Pathological cardiac hypertrophy alters intracellular targeting of phosphodiesterase type 5 from nitric oxide synthase-3 to natriuretic peptide signaling.
ABSTRACT In the normal heart, phosphodiesterase type 5 (PDE5) hydrolyzes cGMP coupled to nitric oxide- (specifically from nitric oxide synthase 3) but not natriuretic peptide (NP)-stimulated guanylyl cyclase. PDE5 is upregulated in hypertrophied and failing hearts and is thought to contribute to their pathophysiology. Because nitric oxide signaling declines whereas NP-derived cGMP rises in such diseases, we hypothesized that PDE5 substrate selectivity is retargeted to blunt NP-derived signaling.
Mice with cardiac myocyte inducible PDE5 overexpression (P5(+)) were crossed to those lacking nitric oxide synthase 3 (N3(-)), and each model, the double cross, and controls were subjected to transaortic constriction. P5(+) mice developed worse dysfunction and hypertrophy and enhanced NP stimulation, whereas N3(-) mice were protected. However, P5(+)/N3(-) mice behaved similarly to P5(+) mice despite the lack of nitric oxide synthase 3-coupled cGMP generation, with protein kinase G activity suppressed in both models. PDE5 inhibition did not alter atrial natriuretic peptide-stimulated cGMP in the resting heart but augmented it in the transaortic constriction heart. This functional retargeting was associated with PDE5 translocation from sarcomeres to a dispersed distribution. P5(+) hearts exhibited higher oxidative stress, whereas P5(+)/N3(-) hearts had low levels (likely owing to the absence of nitric oxide synthase 3 uncoupling). This highlights the importance of myocyte protein kinase G activity as a protection for pathological remodeling.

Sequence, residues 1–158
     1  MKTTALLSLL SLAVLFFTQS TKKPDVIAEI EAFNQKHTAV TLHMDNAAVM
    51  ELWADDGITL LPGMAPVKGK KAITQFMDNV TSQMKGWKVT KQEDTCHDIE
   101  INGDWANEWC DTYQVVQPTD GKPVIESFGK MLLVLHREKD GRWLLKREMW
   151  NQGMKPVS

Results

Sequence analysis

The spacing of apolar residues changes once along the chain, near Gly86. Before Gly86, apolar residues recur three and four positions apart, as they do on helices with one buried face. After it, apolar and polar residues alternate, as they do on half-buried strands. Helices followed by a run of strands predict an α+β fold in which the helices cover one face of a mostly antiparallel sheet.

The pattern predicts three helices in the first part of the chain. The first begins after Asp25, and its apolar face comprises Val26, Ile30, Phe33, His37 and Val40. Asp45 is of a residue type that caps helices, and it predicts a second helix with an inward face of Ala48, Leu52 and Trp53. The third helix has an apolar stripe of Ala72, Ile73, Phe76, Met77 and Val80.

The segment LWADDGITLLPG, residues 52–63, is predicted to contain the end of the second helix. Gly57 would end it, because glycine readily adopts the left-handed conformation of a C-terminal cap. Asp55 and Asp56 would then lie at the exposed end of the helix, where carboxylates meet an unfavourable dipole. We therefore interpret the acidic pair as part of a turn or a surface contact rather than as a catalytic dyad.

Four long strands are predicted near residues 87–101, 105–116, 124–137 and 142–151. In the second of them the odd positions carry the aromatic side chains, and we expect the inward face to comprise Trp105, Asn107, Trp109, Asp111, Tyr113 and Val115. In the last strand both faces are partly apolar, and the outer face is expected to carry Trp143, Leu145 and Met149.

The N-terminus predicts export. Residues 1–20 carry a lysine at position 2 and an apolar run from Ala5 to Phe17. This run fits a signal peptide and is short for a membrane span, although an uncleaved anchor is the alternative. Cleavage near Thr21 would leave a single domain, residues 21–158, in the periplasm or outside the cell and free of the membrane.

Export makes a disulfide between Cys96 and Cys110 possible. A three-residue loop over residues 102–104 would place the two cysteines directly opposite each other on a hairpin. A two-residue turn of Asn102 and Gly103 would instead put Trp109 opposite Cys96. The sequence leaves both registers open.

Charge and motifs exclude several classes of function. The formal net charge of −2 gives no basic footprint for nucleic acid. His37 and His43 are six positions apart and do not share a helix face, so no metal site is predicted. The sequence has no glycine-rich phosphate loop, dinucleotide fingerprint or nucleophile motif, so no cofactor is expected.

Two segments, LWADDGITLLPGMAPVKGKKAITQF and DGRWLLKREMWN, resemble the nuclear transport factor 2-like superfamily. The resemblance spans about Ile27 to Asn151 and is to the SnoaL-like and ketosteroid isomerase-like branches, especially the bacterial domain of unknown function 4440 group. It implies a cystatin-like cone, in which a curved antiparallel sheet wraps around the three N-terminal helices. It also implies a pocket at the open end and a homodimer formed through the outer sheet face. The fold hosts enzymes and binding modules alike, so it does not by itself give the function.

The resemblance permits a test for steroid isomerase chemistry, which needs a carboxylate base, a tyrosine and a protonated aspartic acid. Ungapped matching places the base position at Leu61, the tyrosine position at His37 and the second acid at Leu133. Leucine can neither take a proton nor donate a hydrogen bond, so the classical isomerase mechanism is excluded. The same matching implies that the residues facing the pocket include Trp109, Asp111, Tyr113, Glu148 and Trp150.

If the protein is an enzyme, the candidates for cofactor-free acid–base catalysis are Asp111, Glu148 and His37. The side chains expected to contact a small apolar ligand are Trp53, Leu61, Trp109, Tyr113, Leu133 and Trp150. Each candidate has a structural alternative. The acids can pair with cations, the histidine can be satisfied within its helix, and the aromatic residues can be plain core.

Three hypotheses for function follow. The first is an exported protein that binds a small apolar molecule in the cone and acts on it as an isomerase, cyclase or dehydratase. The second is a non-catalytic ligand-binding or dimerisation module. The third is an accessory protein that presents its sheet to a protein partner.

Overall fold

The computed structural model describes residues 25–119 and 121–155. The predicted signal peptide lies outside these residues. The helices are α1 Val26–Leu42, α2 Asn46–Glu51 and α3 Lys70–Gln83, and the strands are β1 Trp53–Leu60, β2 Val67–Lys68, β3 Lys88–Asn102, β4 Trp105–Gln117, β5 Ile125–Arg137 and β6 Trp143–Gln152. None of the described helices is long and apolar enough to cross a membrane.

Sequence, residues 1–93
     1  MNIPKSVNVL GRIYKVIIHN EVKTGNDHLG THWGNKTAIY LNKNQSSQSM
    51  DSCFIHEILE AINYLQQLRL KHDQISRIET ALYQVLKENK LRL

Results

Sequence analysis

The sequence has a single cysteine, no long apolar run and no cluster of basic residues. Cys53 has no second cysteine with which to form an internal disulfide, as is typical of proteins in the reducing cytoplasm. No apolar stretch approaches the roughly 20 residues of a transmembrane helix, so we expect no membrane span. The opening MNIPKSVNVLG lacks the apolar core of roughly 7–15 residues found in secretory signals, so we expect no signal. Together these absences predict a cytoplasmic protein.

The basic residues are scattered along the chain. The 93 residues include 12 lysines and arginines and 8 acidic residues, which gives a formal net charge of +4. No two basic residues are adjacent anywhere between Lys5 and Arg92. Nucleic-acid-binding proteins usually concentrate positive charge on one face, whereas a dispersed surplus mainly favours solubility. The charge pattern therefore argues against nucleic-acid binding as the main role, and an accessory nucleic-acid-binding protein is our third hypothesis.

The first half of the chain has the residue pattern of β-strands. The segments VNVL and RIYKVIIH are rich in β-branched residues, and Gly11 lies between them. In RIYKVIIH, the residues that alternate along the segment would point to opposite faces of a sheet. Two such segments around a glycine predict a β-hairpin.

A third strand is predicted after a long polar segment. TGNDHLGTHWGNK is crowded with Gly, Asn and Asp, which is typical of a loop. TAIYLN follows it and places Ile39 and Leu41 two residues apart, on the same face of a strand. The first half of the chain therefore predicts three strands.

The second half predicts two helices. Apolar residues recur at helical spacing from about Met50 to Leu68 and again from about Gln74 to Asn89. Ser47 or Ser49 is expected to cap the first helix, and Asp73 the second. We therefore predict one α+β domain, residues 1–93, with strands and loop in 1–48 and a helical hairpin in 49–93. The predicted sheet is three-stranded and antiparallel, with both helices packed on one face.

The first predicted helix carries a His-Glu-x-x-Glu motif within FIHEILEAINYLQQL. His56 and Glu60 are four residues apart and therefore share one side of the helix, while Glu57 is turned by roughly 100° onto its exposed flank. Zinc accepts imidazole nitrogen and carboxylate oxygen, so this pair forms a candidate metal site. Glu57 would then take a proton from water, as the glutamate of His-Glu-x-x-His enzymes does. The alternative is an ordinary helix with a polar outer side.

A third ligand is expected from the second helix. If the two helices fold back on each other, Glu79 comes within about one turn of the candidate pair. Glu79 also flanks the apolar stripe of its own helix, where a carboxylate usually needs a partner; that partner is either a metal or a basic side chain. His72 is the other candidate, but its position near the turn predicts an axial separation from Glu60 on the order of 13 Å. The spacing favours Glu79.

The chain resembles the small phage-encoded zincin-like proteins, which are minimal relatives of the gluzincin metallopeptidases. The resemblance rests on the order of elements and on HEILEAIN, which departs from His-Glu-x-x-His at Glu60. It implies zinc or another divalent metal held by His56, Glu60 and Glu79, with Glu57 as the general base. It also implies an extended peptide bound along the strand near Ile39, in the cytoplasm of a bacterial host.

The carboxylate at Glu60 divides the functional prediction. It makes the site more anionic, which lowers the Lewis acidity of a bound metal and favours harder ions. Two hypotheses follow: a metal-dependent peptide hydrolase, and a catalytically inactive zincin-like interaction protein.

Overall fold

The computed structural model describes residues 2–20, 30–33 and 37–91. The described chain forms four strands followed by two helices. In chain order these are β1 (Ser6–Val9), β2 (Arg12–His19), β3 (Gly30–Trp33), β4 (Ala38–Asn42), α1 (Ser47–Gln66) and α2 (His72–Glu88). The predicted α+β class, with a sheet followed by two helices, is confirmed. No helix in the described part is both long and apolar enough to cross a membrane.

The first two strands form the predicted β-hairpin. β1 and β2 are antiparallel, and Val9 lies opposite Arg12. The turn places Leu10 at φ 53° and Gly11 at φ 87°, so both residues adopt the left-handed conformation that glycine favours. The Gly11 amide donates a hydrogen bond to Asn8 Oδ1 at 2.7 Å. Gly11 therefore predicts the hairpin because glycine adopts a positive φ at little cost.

These data provide the first evidence for functional retargeting of PDE5 from one compartment to another, revealing a role for natriuretic peptide-derived cGMP hydrolysis by this esterase in diseased heart myocardium. Retargeting likely affects the pathophysiological consequence and the therapeutic impact of PDE5 modulation in heart disease.